Friday, June 10, 2011

Bodywork Training on Paradise Island - Memories of Mauritius


Hi, this is Choyin, speaking… while I am actually writing.  I contribute a lot of the posts to this blog, and so far it has been a pleasure for me, albeit mostly serious stuff.  I hear you, really, I do.  No one can stand too much of that.  Too much of a good thing always turns into a bad thing.  Seriousness can become ridiculous, and quickly.  So today, we take off instead: to a Paradise island, or down memory lane.  Which will depend on how you look at it, or I look at it, because it is my story – about a trip quite a few years ago that was mostly dedicated to teaching bodywork and Tibetan yoga with my then partner Paula Horan in Mauritius. 

Now again, teaching is likewise a serious topic, and so is Tibetan yoga.  Mostly, these two are taken much too seriously and in the wrong way, especially in India, or worldwide by those who consider themselves “teachers”.  Too bad for this country that so far there seem to have been only “Three Idiots” rebelling against it. How about 30 Million?  Or 300 Million?  Then teaching and yoga might become what they by nature are:  easy, relaxing, spontaneous, lightly & mildly enlightening.  You know the stuff they call ‘fun’.  Not my favorite word because it IS over-used, and sooo shallow; saying nothing really, other than that I pretend to myself that I am not bored.  But then, yeah, life can be fun – and so can teaching; especially on a Paradise island.

There were three courses, a 2-weeker privately organized, a 4-day introduction into Siddha Marama massage for the staff at the Mauritius Hilton in Wolmar, and of course, a 5-day NadiPrana or Tibetan yoga retreat, plus all the other stuff that Paula used to do and still does, like Reiki.  As a matter of fact, the courses came in reverse order, the NadiPrana retreat first.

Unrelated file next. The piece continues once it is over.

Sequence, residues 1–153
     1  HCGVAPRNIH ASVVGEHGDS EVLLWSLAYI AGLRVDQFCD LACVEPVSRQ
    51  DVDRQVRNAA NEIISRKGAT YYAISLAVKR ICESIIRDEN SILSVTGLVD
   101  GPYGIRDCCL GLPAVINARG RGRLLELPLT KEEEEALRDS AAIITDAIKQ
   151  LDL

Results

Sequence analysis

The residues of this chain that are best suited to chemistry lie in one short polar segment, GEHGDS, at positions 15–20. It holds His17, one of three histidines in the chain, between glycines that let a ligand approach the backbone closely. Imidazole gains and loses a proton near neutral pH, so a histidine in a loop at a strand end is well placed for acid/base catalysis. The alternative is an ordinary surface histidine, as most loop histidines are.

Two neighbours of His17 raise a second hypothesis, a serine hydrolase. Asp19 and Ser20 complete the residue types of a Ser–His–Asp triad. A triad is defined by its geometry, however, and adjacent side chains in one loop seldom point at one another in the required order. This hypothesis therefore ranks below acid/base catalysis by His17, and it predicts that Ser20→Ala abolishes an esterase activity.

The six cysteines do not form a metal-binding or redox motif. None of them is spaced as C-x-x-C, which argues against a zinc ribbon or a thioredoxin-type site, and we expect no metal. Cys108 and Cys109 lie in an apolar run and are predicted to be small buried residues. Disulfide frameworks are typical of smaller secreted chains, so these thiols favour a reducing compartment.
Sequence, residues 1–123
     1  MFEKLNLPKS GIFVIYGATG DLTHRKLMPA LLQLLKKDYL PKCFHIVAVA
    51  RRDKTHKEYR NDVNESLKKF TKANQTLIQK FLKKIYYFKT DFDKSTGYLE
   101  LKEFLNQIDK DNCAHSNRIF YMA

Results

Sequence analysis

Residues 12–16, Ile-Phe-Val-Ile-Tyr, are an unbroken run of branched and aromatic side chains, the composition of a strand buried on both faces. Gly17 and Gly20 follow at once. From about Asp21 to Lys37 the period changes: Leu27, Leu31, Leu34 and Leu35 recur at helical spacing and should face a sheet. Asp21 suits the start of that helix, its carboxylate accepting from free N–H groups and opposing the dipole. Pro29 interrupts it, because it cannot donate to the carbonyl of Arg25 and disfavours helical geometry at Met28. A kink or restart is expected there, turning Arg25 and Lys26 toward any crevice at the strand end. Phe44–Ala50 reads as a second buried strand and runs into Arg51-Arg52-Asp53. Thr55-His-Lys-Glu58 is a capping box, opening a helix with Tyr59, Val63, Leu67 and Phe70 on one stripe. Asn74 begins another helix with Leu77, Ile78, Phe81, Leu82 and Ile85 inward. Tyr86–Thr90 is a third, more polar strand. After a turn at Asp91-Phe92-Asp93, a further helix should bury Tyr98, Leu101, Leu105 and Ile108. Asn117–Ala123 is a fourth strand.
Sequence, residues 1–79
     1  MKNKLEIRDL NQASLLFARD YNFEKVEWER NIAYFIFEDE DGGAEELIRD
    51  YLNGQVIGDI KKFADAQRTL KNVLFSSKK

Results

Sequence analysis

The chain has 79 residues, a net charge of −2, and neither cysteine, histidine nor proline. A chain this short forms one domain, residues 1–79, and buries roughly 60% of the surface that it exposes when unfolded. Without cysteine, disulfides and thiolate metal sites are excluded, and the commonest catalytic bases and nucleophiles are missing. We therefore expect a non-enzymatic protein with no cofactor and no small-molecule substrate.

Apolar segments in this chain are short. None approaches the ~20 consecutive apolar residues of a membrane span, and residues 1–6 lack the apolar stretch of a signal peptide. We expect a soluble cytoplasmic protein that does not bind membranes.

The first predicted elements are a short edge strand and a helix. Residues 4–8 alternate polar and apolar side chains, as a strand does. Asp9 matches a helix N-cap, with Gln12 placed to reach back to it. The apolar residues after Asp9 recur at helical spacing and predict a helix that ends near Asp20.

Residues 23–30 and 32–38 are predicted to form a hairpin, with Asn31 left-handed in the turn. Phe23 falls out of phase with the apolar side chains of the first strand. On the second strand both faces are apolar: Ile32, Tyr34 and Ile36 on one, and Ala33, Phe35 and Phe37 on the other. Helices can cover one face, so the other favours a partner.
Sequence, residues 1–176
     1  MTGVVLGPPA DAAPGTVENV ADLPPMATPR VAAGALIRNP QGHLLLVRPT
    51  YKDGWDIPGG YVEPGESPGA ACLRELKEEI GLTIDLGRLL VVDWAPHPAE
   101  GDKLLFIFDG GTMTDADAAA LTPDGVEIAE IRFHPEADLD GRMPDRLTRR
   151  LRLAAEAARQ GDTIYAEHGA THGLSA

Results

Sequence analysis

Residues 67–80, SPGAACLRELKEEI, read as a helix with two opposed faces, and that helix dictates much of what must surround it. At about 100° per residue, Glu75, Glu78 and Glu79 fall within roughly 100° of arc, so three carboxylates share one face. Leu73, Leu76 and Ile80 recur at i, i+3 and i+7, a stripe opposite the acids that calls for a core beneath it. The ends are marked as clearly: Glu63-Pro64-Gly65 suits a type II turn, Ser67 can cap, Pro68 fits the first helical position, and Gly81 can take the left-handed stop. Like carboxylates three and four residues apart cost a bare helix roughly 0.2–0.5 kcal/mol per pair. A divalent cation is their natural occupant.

It does not really matter where you do such a retreat.  Paradise Island or not: you turn inward.  You become silent.  Not in order to transform into a deaf, dumb or mute (no speaking allowed during the retreat), but in order to hear, and see, and smell, and taste and touch even better, more fully.  Silently focusing on what is happening through letting your body and breath move you will inevitably imbue you with immeasurable fullness.  During the retreat you don’t venture out further than the porch from your room, or the dining area and the practice hall.  But on that porch you can have it all: the evening clouds and the sunsets much more vivid than in a 3-D movie, because here everything is unfathomably ‘real’.  It involves the concert of all the senses, not just the eyes.  You can also re-discover all the things you don’t usually look at because you take them for granted, like the dessert pudding on your plate, or the deep red of your cranberry tea.  And then you breathe.  Sure, you always do that.  Otherwise you’d drop dead.  But do you feel it?  Do you very once in a while in the day or at night feel your breath?  Breath is flowing in and out, so nice and easy, no big deal.  But in the ‘no-big-dealness’, every once in a while comes a great revelation… which then also quickly disappears, thank God.  We don’t want to have anything too great hanging over our heads and block our vision, do we?  To sum it up, the NadiPrana retreat on Mauritius was outwardly uneventful.  And that is a good thing.  Two of the bodyworkers who would later join the 2-week program, also took part.  They said they could not believe how different it felt to touch after that.  How rich and immediate, no thoughts or ego in-between.  Way to go, for a good massage: rich and immediate.